Mar 21, 2016 10:36 AM EDT

U.S. Enterprise Sees Cuba’s Potential But Hindered By Brick Wall

Cuba offers a new frontier for U.S. enterprises but despite their potential, it would still be difficult for U.S. businesses to move their resources to Cuba owing to the brick walls.

Brick walls symbolize the hurdles and obstacles as well as the challenges that await these enterprises. According to a report from WFMY News 2, there are a number of groups that have seen the potential of the nation. It appears that a group called the Indiana Farm Bureau has seen the budding growth of Cuba.

According to the same report, "Last year, representatives of the Indiana Farm Bureau, agribusiness firms, trade groups and others witnessed a shortage of food on store shelves and rusted-out Russian tractors during a September trip to the island, which was once the ninth-largest importer of U.S. agricultural products." It stands out that Cuba imports most of the nation's food and it was found out that there are some essential ingredients that have to be imported from other nations because Cuba does not seem to have it.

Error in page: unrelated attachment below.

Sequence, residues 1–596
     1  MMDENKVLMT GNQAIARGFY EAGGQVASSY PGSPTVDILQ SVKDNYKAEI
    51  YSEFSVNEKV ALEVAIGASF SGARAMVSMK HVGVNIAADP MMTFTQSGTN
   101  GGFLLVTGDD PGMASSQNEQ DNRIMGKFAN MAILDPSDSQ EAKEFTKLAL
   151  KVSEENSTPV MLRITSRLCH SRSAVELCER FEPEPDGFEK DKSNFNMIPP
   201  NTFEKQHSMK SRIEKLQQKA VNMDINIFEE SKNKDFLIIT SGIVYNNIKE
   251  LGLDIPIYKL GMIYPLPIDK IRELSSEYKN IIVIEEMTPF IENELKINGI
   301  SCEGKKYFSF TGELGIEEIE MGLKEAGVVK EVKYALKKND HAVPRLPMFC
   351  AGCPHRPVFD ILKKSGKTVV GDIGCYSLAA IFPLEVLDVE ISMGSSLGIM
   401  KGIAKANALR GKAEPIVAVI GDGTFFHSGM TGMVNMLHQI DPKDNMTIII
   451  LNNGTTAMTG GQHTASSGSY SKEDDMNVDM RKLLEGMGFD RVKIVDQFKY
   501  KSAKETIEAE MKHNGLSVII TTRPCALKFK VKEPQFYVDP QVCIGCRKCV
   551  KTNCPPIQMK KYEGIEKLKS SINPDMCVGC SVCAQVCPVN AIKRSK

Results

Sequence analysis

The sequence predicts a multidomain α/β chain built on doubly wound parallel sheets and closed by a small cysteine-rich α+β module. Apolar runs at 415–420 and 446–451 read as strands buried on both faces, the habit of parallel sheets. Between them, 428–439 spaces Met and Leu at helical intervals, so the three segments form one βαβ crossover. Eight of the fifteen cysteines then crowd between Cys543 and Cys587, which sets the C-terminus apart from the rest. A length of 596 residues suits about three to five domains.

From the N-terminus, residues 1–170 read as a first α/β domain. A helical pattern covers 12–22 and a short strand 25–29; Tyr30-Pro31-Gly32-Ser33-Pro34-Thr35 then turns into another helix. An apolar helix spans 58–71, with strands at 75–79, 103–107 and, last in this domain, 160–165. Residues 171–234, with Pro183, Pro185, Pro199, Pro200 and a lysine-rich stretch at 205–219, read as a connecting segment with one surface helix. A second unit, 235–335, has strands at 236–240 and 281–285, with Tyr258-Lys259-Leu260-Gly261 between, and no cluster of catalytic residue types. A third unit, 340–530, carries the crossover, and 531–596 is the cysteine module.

Even though Cuba is considered as one of the latest frontier for investing and pooling of resources. The mere idea of importing and setting up businesses in Cuba is easier said than done, particularly for U.S. businesses.

Despite the aims of the Obama administration to strengthen political ties with Cuba and reconstitute business ties with the region, it cannot be easily attained. One of the major hurdles that were spotted was a question of power and governance.

Spokeswoman Kara Brooks said "Governor Pence has long believed in policies that will help bring democracy and respect for human rights to the people of Cuba, but it's clear that the government in Cuba has no intention of modifying its policies. With that in mind, the state of Indiana is not pursuing opportunities to do business with Cuba."

In addition, Indy Star reported that the "U.S. enterprises would have to deal with logistical issues that would make trading with Cuba difficult, such as inadequate telecommunications, electricity and refrigerated storage."

It appears that incapability of Cuba to smooth the progress of transactions through credit is among the brick wall that business enterprises have to overcome. It is not yet clear on whether the United States and Cuba would retain its former relations of being agriculture-trading partners and eradicate the tensions that divided them after the Cuban revolution.

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